Meanwhile, by supporting water-related charities, the Caterpillar Foundation saw a way for its money to have a positive domino effect by not only improving the health and sanitation of poverty-stricken communities but also the lives of women and girls. In some cultures, even adolescent girls and pregnant mothers spend hours a day carrying jugs of water to their homes. Providing clean sources of water to towns would free them from this labor, and they could spend that time working or getting an education.

To trigger change on a large scale, the Caterpillar Foundation contributed a grant to in 2013 to expand its microfinance program, WaterCredit, which allows families in poverty to borrow as little as $80 to pay for toilets or a water-line connection to their homes. The grant helped boost the number of people who gained access to clean water, reaching more than 3.2 million. What’s more, the Caterpillar Foundation connected with another one of its partners, Opportunity International, to provide WaterCredit loans. The two would go on to work together outside of their dealings with the Caterpillar Foundation, illustrating the advantages of Together.Stronger., which joins multiple partners to collaborate and take on big, real-world problems.

Today, has helped 13.9 million people access water, in no small part because the Caterpillar Foundation’s grants encouraged other local banks and financial institutions to contribute to the WaterCredit program, as well. “We were able to use Caterpillar’s philanthropic capital to boost our efforts,” says CEO and co-founder Gary White. “We were trying to show how a disruptive model like ours can work. [Caterpillar Foundation] placed a big bet on us, and it really paid off.”

“Philanthropy used to be, ‘Here’s our check, we know you’ll do good, and away you go.’ But in today’s world, we’re not only going to give you a check, we want to know what you’re doing with it, and how many people will be impacted.”

The caterpillar foundation also believes that backing advocacy organizations is critical to its work. Why? Because advocacy groups, whether they comprise only a few individuals or several thousand people, are uniquely poised to educate government leaders about broad social issues related to poverty. The Caterpillar Foundation, for example, decided to support the work of ONE, a campaigning and advocacy organization, co-founded by U2’s front man, Bono. By doing so, it joined a community of more than 9 million individuals to advocate for prioritizing the eradication of poverty and increasing access to energy, especially in Africa.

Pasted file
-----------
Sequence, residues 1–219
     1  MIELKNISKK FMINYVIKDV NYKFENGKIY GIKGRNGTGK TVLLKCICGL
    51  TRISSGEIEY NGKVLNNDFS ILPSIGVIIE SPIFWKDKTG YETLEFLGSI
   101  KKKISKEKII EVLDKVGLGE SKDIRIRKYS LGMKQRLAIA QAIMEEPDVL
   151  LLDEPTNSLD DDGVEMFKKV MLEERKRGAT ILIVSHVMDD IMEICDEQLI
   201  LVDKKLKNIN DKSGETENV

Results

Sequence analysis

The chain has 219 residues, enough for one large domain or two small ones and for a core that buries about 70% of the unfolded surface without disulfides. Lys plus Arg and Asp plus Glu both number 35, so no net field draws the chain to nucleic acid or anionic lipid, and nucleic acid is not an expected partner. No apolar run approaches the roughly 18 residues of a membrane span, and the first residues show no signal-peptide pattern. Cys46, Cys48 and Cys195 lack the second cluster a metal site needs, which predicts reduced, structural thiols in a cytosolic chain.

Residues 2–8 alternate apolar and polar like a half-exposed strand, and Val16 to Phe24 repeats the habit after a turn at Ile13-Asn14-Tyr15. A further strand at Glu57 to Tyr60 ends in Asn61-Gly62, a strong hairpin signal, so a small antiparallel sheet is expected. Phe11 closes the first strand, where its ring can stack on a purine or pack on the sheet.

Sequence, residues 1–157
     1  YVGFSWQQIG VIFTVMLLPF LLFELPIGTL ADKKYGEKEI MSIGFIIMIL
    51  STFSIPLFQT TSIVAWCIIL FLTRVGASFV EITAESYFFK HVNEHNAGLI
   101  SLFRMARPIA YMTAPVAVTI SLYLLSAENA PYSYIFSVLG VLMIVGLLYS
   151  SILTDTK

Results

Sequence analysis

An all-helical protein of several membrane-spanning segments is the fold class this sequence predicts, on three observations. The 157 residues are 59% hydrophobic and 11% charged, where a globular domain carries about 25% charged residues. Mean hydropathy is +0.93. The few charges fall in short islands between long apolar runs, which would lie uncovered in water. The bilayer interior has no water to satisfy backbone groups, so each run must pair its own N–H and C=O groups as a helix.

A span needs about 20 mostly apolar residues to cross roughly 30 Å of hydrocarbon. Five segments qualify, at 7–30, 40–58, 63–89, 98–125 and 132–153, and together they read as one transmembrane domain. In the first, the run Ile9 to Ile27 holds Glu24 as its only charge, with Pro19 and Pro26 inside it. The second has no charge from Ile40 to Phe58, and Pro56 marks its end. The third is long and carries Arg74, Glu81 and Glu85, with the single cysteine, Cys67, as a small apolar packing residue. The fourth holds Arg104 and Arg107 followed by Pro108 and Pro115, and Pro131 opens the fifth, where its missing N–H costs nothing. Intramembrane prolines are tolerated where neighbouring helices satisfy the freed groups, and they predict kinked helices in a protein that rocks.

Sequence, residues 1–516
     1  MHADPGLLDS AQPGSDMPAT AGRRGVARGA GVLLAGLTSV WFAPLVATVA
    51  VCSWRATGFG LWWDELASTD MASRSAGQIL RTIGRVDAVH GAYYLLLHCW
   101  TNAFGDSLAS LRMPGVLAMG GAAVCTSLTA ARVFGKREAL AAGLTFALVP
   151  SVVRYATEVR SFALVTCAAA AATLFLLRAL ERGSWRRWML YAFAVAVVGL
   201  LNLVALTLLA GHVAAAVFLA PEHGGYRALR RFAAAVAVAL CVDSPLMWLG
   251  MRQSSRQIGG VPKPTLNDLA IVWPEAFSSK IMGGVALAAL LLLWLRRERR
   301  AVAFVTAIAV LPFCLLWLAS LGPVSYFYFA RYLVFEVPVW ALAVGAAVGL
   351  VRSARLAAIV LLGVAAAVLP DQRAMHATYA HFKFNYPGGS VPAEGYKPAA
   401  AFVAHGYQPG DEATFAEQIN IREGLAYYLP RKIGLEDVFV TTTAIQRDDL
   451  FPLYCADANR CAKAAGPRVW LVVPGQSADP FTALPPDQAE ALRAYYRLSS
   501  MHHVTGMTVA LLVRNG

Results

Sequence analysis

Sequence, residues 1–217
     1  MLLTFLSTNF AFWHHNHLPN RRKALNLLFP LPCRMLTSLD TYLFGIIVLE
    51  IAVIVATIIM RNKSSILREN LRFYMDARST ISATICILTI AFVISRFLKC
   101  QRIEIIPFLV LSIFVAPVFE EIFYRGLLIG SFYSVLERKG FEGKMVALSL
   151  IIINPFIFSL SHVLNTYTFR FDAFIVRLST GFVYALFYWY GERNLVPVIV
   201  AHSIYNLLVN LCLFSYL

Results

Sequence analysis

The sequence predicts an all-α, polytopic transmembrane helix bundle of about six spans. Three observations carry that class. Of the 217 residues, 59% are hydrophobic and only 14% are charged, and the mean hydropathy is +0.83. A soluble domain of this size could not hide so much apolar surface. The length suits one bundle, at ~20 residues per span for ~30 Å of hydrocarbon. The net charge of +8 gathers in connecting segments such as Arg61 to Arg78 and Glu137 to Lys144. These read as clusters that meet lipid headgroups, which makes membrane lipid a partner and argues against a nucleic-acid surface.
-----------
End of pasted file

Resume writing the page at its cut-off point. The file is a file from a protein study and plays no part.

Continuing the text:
Did the Caterpillar Foundation’s investment pay dividends? Sullivan thinks so: After its initial contribution to ONE, more than 29 million people have gained access to energy, she says. It also saw the U.S. Agency for International Development launch its initiative Power Africa in 2013, with the goal of adding 60 million new electricity connections throughout the continent.

And through the Together.Stronger. platform, Sullivan is convinced that the Caterpillar Foundation has found the best and most effective approach for enacting meaningful and lasting change. “If you work at the grass tops and start advocating, eventually, through your advocacy, change starts trickling down, and the culture starts to change. Girls aren’t getting married at age 10,” Sullivan says. “The grass roots and the grass tops are meeting, and that was a big change for us. That’s how we’ll reach 50 million people.”tombstone